In order to access this DHS report, please see the following link and scroll down to the attachment: https://www.dhs.gov/immigration-statistics/special-reports/legal-immigration.
The Department of Homeland Security (DHS) has issued its report for the first quarter (Q1) of 2022. This report helps to summarize and track the number of adjustments of status that were made in the United States in January, February, and March, as well as data of green cards issued for new arrivals. For reference, you can become a green card holder through the issuance of a green card after your I-485 application is approved while you are in the United States, or through a new arrival situation if you have been processed at a U.S. consulate or embassy abroad.
Based on previous findings, it is usually the case that more individuals are approved for green cards that are already living in the U.S. than from abroad. This is also the case for Q1 2022, even with the current refugee crisis stemming from the war in Ukraine. The DHS report also helps to illuminate findings on who is being admitted as a legal permanent resident (LPR) based on regional analysis. For example, the report details who is coming to the United States, or receiving a green card from Asian, African, South American, European, or North American countries. These findings are significant because they also serve as a comparison between domestic based adjustments and the state of consular affairs in 2022 thus far.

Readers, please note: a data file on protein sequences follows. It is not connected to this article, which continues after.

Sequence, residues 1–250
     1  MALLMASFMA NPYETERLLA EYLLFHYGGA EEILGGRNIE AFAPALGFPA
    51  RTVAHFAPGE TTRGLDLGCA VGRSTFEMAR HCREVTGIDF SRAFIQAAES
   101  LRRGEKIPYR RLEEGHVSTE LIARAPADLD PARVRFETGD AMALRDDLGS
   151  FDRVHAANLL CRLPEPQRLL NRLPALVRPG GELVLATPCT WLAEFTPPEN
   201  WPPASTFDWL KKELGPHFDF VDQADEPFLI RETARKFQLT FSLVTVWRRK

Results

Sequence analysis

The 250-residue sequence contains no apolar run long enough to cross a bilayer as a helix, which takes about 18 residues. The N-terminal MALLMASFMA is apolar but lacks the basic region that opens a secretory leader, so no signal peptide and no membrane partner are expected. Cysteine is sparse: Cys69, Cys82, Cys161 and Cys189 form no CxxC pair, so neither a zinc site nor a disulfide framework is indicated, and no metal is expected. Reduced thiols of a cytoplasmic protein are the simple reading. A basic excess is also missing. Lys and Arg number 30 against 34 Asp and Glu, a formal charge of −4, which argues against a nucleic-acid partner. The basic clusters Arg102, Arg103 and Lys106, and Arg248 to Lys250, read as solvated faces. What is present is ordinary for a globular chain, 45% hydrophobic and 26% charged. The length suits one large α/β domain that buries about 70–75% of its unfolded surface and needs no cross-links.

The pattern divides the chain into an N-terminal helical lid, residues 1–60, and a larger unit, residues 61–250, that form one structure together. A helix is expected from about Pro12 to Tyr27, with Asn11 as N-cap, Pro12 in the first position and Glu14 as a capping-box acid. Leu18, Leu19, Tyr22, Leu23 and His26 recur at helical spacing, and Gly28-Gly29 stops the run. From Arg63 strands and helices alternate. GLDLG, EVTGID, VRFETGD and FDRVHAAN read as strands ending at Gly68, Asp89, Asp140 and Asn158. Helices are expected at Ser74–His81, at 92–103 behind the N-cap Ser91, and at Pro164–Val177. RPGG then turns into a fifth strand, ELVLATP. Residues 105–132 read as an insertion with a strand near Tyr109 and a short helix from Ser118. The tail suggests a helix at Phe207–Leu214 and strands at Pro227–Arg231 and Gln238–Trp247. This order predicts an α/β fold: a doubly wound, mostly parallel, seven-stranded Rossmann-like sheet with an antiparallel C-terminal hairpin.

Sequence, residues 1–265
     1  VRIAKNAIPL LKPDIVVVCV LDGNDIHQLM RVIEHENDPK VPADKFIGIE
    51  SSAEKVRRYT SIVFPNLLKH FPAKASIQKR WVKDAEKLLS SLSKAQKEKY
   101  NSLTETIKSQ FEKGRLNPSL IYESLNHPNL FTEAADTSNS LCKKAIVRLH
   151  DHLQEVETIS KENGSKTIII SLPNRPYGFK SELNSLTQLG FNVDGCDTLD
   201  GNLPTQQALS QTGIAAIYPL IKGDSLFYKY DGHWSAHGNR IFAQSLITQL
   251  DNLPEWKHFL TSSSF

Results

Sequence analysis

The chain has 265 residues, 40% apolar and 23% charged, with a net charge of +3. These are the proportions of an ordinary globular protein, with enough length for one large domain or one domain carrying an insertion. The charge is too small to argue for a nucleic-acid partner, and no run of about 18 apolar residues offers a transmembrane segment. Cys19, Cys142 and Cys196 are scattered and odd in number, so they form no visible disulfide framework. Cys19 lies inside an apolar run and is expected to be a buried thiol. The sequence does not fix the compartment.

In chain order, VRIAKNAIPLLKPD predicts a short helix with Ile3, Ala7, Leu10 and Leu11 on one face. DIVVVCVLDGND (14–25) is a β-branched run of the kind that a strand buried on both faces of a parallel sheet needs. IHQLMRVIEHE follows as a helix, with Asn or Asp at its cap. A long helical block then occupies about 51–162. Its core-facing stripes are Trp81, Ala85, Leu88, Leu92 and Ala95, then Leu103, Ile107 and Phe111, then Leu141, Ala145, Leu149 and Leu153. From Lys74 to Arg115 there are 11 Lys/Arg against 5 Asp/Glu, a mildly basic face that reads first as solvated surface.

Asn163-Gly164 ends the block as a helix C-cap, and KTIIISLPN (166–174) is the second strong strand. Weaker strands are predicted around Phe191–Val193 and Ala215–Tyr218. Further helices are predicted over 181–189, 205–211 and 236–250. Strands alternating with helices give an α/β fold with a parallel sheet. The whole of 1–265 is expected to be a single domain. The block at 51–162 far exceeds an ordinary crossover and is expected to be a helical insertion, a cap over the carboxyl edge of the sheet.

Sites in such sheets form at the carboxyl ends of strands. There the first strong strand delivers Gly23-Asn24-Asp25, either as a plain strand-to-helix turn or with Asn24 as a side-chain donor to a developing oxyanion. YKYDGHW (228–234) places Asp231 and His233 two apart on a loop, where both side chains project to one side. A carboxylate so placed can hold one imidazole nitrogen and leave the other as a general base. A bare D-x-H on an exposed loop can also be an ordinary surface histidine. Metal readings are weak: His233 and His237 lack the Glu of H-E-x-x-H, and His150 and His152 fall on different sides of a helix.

Let’s take a look at some of the DHS findings from Q1:
Overall, as mentioned, there were more adjustments of status than new arrival green cards in Q1, 2022. In Q1, there were approximately 116,000 adjustments of statuses that were approved while there were approximately 111,000 newly admitted legal permanent residents in the U.S.
In terms of citizens from African countries, we can see that in Q1 there were more new arrivals than domestic based adjustments of status. There were only 6,716 green cards approved for citizens of African descent who were already based in the U.S., while there were approximately 12,000 newly admitted citizens from African countries (the DHS does not differentiate between sub-Saharan and North African countries in their data points).
The opposite is true for new legal permanent residents from Asian countries. For Q1, there were approximately 43,000 adjustment of statuses approve for citizens of Asian countries and about 37,000 newly admitted arrivals. This divergence from Asia and Africa show that there are more employment based immigrants in the U.S. from Asian countries who then go on to file an adjustment of status from within the United States, while there are generally more African citizens who are newly admitted via refugee status. This is overall consistent with trends from 2021 as well.
So far, one of the smallest shares of newly admitted arrivals are citizens from Europe. So far, the U.S. has admitted hundreds of Ukrainians to the country, however almost none of these individuals are eligible for legal permanent residence in the United States. In Q1, there were approximately 10,000 adjustment of status approvals for citizens from European countries residing in the United States.
The top five countries of non-citizens living in the U.S. who had an adjustment of status approved in 2022 Q1 were China, India, Mexico, the Dominican Republic, and El Salvador.